“That’s grand,” he said. “Ah, that’s grand, Father. We won’t have nothin’ fancy. Just the family and a few old pals. It’ll be like old times.”
Old pals? Old times? Was this the explanation: had Charlie, subject to the confusions of old age, taken me for his own contemporary? But he had done nothing of the kind; clarification came with his most surprising statement yet. He said, “Seein’ you there will remind me of your pa. Oh yes, Father, your pa and I were great pals in the old days. Did you know that, I wonder?”
I thought of what my father would have said to this; I said only, “I knew you were boys together.”
“Boys and pals,” he corrected me. “Born on the same block, not fifty feet from each other. And in the same year. Ah, those were the great days, Father.” He sighed. “Beefsteak,” he said emotionally. “D’ye know what beefsteak was sellin’ for then, Father? I’ll tell you: ten cents the pound. And liver was nothin’ at all. Oh yes yes, Father, there’s not a day goes by I don’t think of your poor pa. He’s dead now . . . how long? Ten years, would it be?”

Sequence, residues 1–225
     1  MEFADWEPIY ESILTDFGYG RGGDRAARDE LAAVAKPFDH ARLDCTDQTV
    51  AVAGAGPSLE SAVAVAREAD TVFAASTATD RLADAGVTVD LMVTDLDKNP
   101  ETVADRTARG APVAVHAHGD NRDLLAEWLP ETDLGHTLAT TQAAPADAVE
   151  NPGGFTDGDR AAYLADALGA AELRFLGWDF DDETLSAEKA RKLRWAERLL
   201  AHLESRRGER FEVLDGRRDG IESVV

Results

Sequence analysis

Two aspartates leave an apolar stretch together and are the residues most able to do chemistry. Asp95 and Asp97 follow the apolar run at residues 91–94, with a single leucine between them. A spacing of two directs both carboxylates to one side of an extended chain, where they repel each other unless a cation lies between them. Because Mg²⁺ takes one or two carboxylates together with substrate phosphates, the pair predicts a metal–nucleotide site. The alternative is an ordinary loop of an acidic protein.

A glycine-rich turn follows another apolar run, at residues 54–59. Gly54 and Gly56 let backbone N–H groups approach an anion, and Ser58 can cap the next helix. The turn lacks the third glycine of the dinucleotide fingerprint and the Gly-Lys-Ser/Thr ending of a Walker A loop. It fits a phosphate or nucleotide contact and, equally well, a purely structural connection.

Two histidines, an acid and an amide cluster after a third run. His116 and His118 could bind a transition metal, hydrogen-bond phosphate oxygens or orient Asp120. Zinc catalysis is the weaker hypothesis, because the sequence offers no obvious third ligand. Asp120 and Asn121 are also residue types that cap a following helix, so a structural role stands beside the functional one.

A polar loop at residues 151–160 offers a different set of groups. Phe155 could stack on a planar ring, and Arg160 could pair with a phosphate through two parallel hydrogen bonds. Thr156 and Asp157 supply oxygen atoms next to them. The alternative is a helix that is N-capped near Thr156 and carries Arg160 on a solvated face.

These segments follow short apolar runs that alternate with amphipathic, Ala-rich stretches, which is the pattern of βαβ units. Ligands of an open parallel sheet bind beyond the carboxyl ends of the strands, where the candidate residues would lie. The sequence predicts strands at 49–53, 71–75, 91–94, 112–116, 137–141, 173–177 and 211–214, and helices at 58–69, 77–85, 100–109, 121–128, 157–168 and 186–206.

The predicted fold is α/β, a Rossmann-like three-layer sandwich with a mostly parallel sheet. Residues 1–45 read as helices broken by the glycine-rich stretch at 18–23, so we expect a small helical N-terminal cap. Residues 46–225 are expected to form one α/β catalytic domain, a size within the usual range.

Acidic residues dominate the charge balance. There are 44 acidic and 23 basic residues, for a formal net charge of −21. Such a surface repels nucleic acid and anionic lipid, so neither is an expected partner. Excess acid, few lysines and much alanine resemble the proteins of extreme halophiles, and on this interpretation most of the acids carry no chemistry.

“Nine years. Well well. And here I am, fit as a fiddle.” He sighed and said, “Well well. But that’s the way life goes, Father. We mustn’t complain.”
This was a curious kind of resignation, to be recalled, apparently, only in connection with particular triumphs: the near-beheading of the starling with the stone, the outliving of my father by almost a decade. In view of the way life was going for Charlie, there did not seem too much reason for complaint.
“Well,” he said, “we’ll see you on Sunday, then, Father.” And then, as an afterthought, he said suddenly, “Ah, I’ll tell you what I’ll do: I’ll have John stop by to pick you up.”